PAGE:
Wednesday, April 22, 2009

Changing our Patterns

I had a strange dream this morning. I was helping a new employee who had just been hired in our department. We worked comfortably together but then, at the end of the workday (as can happen in dreams), I suddenly realized that this new worker was actually a former colleague. How did I not recognize her?

In “real life” (a Jungian has to put this phrase in quotes), my former co-worker, “Cathy,” had caused great disruption and chaos in our department. She had felt like an adversary to many of us. But since I had no recollection of this in my dream, we began our “first” day at work together with ease and collegiality. My dream-state-temporary-amnesia allowed me to treat Cathy with warmth. If I had recognized her, our interaction would have been much different.

How many conflicts could be averted if we had selective amnesia with our rivals or foes? Our conversations would then be free of the tiny microexpressions and unconscious vocal tones that send out defensive messages (despite our best intentions). The problem is, our brain scrutinizes our environment for threats and then sears these threat-memories deep into our mind-- for our protection. Our brain doesn’t want us to have amnesia precisely because we would then be more vulnerable to dangers around us.

Emotional Intelligence theories and techniques help us understand our brain’s design. We can then, depending on our circumstances, work to utilize or circumvent our evolutionary programming.

While we can never have complete amnesia about past events, we can at least be conscious of our feelings. These can give us a clue to the unconscious signals we are probably sending. That is why self-fulfilling prophecies work. If I come into a conversation anticipating the worst--my expectations are likely to be fulfilled because of the signals I’ve sent.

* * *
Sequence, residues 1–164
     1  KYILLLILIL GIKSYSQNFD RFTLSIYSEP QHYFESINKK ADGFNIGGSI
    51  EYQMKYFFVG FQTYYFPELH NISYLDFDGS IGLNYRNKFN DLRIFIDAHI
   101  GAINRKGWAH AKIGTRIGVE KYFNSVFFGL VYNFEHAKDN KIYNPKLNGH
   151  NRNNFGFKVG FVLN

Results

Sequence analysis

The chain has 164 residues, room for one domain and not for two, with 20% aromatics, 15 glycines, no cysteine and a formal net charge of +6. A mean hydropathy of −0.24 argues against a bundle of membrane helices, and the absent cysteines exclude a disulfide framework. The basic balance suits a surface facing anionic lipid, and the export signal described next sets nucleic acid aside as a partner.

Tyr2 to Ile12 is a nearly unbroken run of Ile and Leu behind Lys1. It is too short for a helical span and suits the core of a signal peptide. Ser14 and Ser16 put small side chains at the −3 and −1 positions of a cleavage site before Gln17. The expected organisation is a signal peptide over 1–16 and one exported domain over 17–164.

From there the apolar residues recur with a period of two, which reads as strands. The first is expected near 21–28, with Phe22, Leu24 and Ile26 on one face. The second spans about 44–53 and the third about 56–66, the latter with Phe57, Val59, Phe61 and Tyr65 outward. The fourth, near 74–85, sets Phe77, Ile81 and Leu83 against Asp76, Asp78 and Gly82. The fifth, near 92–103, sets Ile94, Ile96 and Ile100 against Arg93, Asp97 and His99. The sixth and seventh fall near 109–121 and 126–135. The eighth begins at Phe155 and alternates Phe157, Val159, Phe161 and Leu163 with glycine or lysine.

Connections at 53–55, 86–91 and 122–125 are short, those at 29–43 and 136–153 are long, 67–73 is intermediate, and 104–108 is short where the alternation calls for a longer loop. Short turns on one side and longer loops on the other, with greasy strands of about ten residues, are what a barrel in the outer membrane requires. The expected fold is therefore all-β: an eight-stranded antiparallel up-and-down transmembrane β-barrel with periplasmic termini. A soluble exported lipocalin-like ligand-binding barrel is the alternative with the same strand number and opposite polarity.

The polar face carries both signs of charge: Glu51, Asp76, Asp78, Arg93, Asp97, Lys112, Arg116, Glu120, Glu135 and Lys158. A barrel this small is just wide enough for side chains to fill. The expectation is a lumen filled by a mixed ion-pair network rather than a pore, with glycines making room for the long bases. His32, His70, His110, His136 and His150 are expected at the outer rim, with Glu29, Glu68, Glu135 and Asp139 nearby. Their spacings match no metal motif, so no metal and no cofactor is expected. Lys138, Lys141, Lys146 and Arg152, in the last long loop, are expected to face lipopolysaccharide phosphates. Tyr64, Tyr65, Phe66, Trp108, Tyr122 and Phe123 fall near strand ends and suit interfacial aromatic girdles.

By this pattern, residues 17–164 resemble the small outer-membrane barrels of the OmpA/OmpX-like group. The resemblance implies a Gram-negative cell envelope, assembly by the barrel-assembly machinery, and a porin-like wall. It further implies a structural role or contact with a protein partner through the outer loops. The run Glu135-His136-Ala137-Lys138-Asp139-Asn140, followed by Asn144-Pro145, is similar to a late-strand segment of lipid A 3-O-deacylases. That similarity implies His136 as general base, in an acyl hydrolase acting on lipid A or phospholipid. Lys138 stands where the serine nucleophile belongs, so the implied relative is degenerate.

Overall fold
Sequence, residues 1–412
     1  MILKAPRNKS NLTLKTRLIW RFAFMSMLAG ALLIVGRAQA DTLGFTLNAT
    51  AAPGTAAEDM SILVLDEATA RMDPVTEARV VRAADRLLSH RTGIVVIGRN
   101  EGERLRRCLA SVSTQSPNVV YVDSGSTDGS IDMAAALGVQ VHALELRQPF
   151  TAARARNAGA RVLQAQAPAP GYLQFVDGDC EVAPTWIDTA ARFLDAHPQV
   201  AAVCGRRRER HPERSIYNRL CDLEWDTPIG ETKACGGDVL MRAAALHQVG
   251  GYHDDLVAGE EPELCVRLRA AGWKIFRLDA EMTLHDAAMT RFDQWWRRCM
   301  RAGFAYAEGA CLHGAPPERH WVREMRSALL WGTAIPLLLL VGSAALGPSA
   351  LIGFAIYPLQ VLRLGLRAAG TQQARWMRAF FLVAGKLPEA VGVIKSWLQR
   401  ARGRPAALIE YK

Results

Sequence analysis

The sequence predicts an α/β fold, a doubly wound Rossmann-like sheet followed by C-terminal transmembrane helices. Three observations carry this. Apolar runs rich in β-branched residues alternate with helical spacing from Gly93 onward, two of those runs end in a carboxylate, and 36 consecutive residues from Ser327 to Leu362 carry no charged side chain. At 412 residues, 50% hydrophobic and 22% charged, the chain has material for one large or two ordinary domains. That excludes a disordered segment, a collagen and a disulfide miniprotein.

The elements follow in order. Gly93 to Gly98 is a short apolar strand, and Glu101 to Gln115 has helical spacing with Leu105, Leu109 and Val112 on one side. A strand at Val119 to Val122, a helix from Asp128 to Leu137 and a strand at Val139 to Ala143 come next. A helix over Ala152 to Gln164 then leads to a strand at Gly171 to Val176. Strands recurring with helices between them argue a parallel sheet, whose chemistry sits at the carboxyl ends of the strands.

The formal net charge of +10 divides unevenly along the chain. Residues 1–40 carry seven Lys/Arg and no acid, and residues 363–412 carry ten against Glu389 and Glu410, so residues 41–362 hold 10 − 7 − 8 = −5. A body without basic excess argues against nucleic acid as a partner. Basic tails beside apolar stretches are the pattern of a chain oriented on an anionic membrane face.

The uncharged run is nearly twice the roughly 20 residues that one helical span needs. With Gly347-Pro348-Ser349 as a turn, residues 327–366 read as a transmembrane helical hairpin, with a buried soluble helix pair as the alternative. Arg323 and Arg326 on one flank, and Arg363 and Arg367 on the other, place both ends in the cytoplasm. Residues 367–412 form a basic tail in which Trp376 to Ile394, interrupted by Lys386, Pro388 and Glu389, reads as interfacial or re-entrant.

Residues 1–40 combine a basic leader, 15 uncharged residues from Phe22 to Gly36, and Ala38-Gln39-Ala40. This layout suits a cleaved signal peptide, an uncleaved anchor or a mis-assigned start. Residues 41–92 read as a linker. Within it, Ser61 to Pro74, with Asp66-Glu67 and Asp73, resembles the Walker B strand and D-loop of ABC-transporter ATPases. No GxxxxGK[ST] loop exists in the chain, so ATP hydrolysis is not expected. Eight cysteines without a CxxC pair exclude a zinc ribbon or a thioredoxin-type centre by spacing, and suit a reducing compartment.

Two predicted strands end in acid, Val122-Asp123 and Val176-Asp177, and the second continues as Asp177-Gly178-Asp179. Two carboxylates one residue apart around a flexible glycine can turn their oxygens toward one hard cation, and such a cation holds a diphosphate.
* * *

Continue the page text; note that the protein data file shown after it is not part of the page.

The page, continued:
Even if we can’t control our unconscious nonverbal behaviors, we can try to compensate for them. If I were to meet with Cathy today, I could emphasize listening, eye contact, smiles, and a gentle tone of voice to counteract other signals I may inadvertently send. Then we might have the same easy relating that we had in my dream.

Destructive patterns of interacting are very hard to change since both parties become stuck in patterns of aggressive or defensive signals. Still, knowing our feelings can help us break these patterns and create new exchanges with our coworkers. © Lewis-Barr 2009
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Trish said...

I realize this is an old post, but it found me today at just the right time. Thank you for your insight and for sharing it! I've got a heap of work to do on changing my patterns, but your perspective inspires me to get started.

LLB said...

Thanks Trish! Your comment made my day!